Helen Mirren, Bill Condon on 'The Good Liar' and the State of the Theatrical Experience

Helen Mirren and Ian McKellen - Getty - H 2019
Steven Ferdman/FilmMagic

Mirren asked the audience at the film's premiere to put a hand in the air and pledge, "I will not tell anyone the end of this movie."

"It's so great to be here in a cinema, with an audience full of people," Helen Mirren told the crowd at the New York premiere of The Good Liar on Wednesday night. "This is the way this film really wants to be watched."

The subject of cinema in an era dominated by streaming was something that The Good Liar's director, Bill Condon, also weighed in on, telling The Hollywood Reporter that "it's a confusing moment" for filmmakers.

"I mean, if you look at the Netflix movies of this year, those are wonderful movies that wouldn't exist without it, that I think any studio would be proud of," Condon said. "I wish it was easier to see them in theaters, obviously."

But Condon — who also praised Netflix's "wonderful" films of 2019, like Marriage Story and The Irishman — has hope for the future, insisting that "we're going to figure it out somehow."

"In my lifetime, it started with … people making interesting movies because of video sales," he added. "There's always that opening to make different kinds of movies. Now it exists in streaming. Let's see how long that lasts."

While introducing The Good Liar alongside Mirren, in addition to her co-star Ian McKellen, producer Greg Yolen, screenwriter Jeffrey Hatcher, and composer Carter Burwell, Condon again referenced the "very public conversation" about the state of filmmaking currently taking place and praised Warner Bros. chairman Toby Emmerich for "his dedication to creating as diverse a slate as possible."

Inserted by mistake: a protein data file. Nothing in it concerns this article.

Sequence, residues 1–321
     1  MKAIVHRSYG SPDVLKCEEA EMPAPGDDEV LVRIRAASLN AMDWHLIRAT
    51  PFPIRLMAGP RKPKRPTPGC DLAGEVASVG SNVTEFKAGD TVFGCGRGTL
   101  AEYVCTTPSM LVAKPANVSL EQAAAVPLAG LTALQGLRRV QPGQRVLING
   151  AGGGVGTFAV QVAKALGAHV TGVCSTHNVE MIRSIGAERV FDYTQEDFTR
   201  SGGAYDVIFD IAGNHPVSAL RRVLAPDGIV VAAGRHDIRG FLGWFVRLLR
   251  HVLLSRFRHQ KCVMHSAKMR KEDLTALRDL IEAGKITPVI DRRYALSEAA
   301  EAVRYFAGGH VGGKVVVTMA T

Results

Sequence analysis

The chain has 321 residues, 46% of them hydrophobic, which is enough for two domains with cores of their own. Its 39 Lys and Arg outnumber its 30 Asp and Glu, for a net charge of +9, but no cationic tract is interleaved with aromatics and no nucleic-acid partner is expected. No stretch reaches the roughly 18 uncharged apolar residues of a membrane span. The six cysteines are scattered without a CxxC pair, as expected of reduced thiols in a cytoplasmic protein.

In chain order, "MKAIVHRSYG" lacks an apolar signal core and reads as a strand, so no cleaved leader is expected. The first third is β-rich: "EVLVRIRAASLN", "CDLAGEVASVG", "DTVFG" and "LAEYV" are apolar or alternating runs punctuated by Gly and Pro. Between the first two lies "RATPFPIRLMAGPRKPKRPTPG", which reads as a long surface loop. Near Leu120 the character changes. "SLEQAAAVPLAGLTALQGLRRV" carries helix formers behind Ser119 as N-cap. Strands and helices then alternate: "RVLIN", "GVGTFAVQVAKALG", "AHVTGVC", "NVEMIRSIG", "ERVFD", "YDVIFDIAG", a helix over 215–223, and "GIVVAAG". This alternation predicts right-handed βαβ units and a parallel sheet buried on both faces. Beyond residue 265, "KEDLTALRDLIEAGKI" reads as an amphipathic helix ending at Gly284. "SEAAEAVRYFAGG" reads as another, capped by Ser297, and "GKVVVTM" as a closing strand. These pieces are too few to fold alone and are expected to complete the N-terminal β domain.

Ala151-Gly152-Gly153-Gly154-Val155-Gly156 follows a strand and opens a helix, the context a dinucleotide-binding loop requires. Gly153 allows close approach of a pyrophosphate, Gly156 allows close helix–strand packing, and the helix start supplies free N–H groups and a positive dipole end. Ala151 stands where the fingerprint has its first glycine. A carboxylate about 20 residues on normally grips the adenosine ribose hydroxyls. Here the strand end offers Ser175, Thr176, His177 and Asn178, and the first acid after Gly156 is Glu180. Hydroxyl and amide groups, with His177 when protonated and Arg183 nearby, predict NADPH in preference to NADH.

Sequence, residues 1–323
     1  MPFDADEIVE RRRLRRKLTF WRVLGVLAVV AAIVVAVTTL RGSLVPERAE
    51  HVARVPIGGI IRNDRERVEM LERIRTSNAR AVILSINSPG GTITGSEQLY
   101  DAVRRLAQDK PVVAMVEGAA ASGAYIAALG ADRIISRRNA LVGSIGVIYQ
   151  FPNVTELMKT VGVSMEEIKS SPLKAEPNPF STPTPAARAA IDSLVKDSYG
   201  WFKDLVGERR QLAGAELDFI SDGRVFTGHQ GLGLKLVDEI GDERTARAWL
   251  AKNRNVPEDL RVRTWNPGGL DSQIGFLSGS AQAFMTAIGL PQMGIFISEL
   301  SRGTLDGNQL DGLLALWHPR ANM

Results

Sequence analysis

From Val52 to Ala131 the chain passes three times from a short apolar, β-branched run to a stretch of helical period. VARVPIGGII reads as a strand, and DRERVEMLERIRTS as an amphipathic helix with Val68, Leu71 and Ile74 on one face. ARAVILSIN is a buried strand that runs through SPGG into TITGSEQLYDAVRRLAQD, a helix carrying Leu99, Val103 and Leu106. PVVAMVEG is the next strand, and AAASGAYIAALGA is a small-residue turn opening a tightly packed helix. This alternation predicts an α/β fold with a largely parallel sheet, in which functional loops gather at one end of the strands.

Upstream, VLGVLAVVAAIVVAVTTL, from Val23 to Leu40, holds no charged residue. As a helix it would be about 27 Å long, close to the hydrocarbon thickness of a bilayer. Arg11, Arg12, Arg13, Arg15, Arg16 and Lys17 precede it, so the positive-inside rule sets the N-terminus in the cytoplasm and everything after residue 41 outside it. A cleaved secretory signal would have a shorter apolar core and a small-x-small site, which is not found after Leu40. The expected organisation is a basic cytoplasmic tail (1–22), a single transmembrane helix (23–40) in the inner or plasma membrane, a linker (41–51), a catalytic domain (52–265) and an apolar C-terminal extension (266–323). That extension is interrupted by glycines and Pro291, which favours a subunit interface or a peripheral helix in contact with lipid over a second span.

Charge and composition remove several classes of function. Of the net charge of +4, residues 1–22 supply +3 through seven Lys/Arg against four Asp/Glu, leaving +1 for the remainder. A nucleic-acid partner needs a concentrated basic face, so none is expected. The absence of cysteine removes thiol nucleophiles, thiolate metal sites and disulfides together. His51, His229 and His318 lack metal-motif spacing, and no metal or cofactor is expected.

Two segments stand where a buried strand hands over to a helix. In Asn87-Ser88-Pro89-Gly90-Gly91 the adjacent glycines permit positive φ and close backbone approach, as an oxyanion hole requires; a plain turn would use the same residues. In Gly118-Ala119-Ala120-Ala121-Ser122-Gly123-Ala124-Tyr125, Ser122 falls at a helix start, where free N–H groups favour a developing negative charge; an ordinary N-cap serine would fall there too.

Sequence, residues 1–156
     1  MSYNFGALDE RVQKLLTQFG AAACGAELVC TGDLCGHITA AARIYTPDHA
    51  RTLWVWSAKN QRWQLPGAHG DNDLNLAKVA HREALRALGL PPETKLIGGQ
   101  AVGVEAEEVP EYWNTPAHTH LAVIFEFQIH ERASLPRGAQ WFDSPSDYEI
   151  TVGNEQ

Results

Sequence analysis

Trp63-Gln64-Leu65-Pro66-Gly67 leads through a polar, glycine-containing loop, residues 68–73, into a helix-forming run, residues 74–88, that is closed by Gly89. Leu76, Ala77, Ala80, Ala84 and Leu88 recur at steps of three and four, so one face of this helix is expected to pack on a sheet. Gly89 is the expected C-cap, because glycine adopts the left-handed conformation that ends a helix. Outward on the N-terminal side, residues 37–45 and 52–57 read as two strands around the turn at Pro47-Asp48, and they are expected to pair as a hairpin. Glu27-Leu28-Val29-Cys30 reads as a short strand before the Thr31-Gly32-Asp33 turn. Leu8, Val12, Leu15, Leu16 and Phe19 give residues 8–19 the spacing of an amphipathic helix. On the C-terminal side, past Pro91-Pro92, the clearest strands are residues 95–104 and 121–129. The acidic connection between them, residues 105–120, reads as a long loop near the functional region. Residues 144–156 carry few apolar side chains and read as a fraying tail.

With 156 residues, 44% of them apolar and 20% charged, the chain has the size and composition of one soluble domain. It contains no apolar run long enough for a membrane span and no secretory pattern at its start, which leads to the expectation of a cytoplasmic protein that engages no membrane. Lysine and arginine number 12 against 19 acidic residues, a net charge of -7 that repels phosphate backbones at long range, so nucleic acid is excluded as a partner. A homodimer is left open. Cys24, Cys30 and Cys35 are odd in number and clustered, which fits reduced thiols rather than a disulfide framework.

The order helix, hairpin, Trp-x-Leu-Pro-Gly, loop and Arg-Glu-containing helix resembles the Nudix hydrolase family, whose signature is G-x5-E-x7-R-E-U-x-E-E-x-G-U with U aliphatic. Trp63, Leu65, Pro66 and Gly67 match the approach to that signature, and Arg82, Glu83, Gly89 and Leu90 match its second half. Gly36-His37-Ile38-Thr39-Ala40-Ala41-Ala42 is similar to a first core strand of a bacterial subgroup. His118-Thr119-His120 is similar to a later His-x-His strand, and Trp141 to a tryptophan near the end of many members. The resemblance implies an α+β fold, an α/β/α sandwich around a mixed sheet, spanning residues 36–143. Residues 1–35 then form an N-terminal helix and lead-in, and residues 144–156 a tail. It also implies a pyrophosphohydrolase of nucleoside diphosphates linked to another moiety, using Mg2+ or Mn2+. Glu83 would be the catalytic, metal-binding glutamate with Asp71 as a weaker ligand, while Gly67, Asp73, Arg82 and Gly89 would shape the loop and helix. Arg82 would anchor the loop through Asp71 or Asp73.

Mirren then demanded everyone put a hand in the air and pledge, "I will not tell anyone the end of this movie."

In the mystery thriller — loosely based on the book of the same name by Nicholas Searle — Mirren plays a rich, recently widowed woman who begins spending time with, unbeknownst to her, a career con man (McKellen) determined to swindle her out of everything she's got.

Mirren and McKellen have worked together on Broadway, but The Good Liar is their first film together. Describing the experience to THR, Mirren jokingly asked McKellen if working with her was "OK."

"Of course it was OK!" McKellen said. "And if it hadn't been, we'd still say it was OK."

From the beginning, Condon said, he knew he wanted the two actors for their respective roles. However, it turned out their techniques were quite different.

"He wanted to keep adding layers, and she wanted to keep making it as direct and simple as possible," Condon explained, though luckily "when the other one needed a little bending, they were happy to do it."

The film itself is certainly layered and shouldn't be mistaken for the average cat-and-mouse movie.

According to Hatcher, The Good Liar was written and filmed "at the height of #MeToo."

"You're writing this and shooting it at that same time, and so there's a little bit of the current politics that flood into it," Hatcher told THR. "You never want to flood in in such a way that it swamps the film, but you can't ignore it either."

Ultimately though, "it's a game," Hatcher said. "The winners lose and the losers win, but the winners lose in a strange way, in a way that I think guts them."

The Good Liar hits theaters Nov. 15.